Quilts teach us about friendship and patience, tradition and heritage.

St. Mary's on Church Street, Walton-on-Thames, Surrey.
An annual service and parade of commemoration is held on the Sunday nearest to ANZAC Day at St Mary's. The High Commissioner of New Zealand attends, together with local dignitaries; wreaths are laid and a small reception is held after the service. By the west door of the St Mary’s Church is the ANZAC Memorial.  In the cemetery adjacent to the church in Terrace Road there are nineteen NZEF servicemen including the grave of Charles Mackie Begg, M.D., NZMC, from Dunedin, a NZEF field surgeon, who saw action at Gallipoli and France and was promoted to director of medical services in London, England.  He died in Twickenham on 2 February 1919 and on 5 February was buried with full military honours in Walton-on-Thames.  27,000 injured New Zealand servicemen were cared for either at No 2 General Hospital at Mount Felix in Walton or at Oatlands Park in Weybridge.  All the New Zealanders are commemorated on a Screen Wall Memorial near their two plots, at the North entrance.  There is another commemoration to two New Zealand soldiers, McDiarmid and Ward, who were patients at the N.Z. Hospital and whose graves are not known. 

The New Zealand War Contingent Association under its Chairman, Lord Plunket, opened a civilian hospital at Walton-on-Thames in 1915 to care for New Zealand wounded from Gallipoli.  In 1916 with the move of the New Zealand Division to France, the NZ Medical Service of the NZEF set up its base in the UK with Colonel W. H. Parkes as Direction of Medical Services. Walton-on-Thames Hospital became No. 2 New Zealand General Hospital staffed by New Zealand nurses and doctors.  Dr. Hugh Thomas Dyke Acland was said to have performed some 4,000 operations during the war.

The Times, Thursday, Jul 29, 1915; pg. 10; col C
New Zealand Hospital On The Thames. Canadian and Australian Hospitals have already been established at various points both in this country and France. It is therefore fitting, in view of the splendid work accomplished by the New Zealand men in the Dardanelles, that a New Zealand Hospital should be added to the number. Wounded men seek above all things a home atmosphere; in a hospital conducted by their fellow countrymen, in the narrower sense, they find comfort and cheer. The new hospital, which is to be opened on Saturday afternoon, is situated at Walton-on-Thames, on a beautiful site overlooking the river. A private house has been rented and it is surrounded by wide gardens. There will be 150 beds and more may be added later. The first patients will be admitted on Monday next. They will come, for the most part, from other hospitals in this country to which they were taken in the first instance.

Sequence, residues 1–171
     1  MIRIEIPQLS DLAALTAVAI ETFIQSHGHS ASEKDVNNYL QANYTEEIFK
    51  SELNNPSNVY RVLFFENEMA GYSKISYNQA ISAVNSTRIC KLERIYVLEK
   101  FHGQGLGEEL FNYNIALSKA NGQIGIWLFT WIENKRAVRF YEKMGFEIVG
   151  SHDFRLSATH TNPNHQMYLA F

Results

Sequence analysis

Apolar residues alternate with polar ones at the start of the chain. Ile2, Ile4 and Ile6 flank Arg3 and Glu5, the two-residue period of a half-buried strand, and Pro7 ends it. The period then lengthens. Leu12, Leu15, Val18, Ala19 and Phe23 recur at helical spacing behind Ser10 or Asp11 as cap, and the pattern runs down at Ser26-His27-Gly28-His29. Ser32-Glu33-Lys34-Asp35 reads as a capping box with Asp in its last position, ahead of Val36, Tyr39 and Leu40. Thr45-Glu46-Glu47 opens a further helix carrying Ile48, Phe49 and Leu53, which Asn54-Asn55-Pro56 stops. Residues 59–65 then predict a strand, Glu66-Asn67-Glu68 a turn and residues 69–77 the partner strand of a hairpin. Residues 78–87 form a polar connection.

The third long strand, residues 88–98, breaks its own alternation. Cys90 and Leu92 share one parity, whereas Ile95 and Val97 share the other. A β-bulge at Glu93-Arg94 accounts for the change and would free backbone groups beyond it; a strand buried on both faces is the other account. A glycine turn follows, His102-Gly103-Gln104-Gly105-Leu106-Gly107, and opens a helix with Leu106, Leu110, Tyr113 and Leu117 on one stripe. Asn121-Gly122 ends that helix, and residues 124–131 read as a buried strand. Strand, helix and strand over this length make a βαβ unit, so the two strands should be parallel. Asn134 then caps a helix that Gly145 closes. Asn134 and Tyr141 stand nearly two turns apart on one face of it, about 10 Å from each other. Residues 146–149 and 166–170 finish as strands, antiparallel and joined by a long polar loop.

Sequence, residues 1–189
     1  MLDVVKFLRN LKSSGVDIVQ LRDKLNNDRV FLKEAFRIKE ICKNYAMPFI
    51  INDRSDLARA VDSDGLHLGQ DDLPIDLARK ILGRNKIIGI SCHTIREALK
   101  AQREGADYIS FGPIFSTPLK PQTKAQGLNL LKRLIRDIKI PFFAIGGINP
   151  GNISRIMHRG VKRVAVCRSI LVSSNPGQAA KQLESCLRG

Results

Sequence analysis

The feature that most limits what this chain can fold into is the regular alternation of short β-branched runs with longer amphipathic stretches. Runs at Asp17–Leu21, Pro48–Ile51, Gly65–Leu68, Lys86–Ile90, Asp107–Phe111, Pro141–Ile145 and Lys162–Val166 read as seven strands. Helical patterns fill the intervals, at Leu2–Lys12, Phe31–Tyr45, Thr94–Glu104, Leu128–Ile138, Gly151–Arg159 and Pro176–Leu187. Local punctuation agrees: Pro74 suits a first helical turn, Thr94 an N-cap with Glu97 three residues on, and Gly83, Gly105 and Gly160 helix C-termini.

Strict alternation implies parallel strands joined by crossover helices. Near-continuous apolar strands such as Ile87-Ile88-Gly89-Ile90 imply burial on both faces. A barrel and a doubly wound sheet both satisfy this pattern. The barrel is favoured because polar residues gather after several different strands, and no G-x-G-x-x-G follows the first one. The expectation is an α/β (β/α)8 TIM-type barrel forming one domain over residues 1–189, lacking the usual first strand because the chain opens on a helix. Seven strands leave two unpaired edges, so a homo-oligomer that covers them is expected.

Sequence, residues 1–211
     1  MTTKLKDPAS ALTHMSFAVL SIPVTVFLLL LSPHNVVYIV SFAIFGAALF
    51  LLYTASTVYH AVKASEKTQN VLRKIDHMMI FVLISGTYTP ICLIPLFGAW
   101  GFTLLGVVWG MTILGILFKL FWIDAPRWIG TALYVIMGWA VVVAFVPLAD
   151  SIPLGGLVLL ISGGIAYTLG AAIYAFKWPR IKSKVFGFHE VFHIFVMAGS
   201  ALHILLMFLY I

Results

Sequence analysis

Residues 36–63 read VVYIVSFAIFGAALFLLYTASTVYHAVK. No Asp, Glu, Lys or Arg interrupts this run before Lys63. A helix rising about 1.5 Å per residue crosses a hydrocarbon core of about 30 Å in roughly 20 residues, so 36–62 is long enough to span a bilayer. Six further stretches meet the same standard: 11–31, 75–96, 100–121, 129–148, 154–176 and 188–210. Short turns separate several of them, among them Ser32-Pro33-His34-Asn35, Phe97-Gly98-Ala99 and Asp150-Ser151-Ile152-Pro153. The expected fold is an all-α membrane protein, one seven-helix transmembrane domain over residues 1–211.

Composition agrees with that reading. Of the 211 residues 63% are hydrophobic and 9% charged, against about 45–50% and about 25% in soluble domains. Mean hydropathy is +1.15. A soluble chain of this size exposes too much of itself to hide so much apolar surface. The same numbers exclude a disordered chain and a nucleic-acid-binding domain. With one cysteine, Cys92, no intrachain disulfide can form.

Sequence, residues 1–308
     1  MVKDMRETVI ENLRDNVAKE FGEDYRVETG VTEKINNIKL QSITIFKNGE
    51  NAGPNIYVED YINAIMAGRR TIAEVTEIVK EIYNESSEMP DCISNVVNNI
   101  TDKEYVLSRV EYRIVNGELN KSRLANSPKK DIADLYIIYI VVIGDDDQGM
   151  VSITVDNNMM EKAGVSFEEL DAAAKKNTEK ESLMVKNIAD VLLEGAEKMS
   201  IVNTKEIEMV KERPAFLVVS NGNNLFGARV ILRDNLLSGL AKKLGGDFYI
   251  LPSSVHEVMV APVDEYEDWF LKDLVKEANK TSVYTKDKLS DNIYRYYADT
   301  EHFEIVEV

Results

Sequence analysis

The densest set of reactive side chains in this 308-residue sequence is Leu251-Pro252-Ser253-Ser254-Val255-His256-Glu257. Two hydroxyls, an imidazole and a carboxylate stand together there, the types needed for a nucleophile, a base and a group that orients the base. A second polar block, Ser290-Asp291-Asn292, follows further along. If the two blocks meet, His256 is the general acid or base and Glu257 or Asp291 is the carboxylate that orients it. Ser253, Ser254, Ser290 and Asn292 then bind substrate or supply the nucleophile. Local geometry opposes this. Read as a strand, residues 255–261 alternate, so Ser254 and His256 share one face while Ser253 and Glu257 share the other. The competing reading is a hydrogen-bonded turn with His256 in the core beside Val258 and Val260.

Commonwealth War Graves Commission provides personal and service details and places of commemoration for the 1.7 million members of the Commonwealth forces who died in the First or Second World Wars. https://www.findagrave.com/cgi-bin/fg.cgi?page=cr&CRid=2326546

Walton and Weybridge (Walton-on-Thames) Cemetery
Surname		First Name		Rank		Service No.	Regiment			DOD	Age
BAKER 		Montrose Arthur Private 	10/2846 Wellington Regiment, N.Z.E.F. 	12/10/1916 21 
BEGG	 	Charles Mackie 	Colonel 	3/306 	New Zealand Medical Corps 	02/02/1919 39 Croix de Guerre (France)
BLACK	 	Frederick Robert Private 	19109 	Wellington Regiment, N.Z.E.F. 	05/04/1917 36 
BLINKO	 	Roland George 	Rifleman 	22717 	New Zealand Rifle Brigade 	06/01/1917 31 
DALTON	 	John Brian 	Serjeant 	9/903 	Otago Mounted Rifles, N.Z.E.F. 	02/12/1915 35 X Gallipoli d. of wounds 
FLEMING	 	Jack 		Sapper 		4/2083 	New Zealand Engineers 		08/10/1916 39  
FOX	 	William 	Private 	6/1848 	Canterbury Regiment, N.Z.E.F. 	26/10/1915 22  
HALL	 	Alfred Henry 	Driver 		5/236 	New Zealand Army Service Corps 	08/06/1916 32 
HAMANA	 	Kingi 		Private 	16/6 	NZ Maori (Pioneer) Battalion 	03/10/1916 22 
HUDSON	 	Thomas Henry 	Corporal 	10/727 	Wellington Regiment, N.Z.E.F. 	18/05/1916 21  
McDIARMID	William Orr 	Private 	10/1890 Wellington Regiment, N.Z.E.F. 	07/04/1916 26 
PHILLIPS	Thomas Wallace 	Corporal 	13/728 	Auckland Mtd Rifles, N.Z.E.F. 	18/10/1915 20 
PORTER	 	James Livingstone Private 	8/787 	Otago Regiment, N.Z.E.F. 	26/10/1915 24 X Gallipoli, d.of wounds
RISHWORTH	William Henry 	Private 	11340 	Otago Regiment, N.Z.E.F. 	04/11/1916 25 
ROUT	 	Edward 		Rifleman 	23/1168 New Zealand Rifle Brigade 	03/10/1916 22 
RUSSELL	 	William Henry 	Driver 		2/2714 	New Zealand Field Artillery 	20/09/1916 40  
TAURA	 			Private 	16/1202 NZ Maori (Pioneer) Battalion 	07/01/1917 23  
WAIRAU	 	Raniera 	Private 	16/779	NZ Maori (Pioneer) Battalion 	30/10/1916 21 
WARD	 	Charles Kay 	Captain 	3/71 	New Zealand Dental Corps 	18/01/1918 33 

Tom Phillips was badly wounded at Gallipoli on the 9 August 1915. He was wounded by one of our own shells falling short. First New Zealand soldier to die at the Walton-on-Thames Hospital.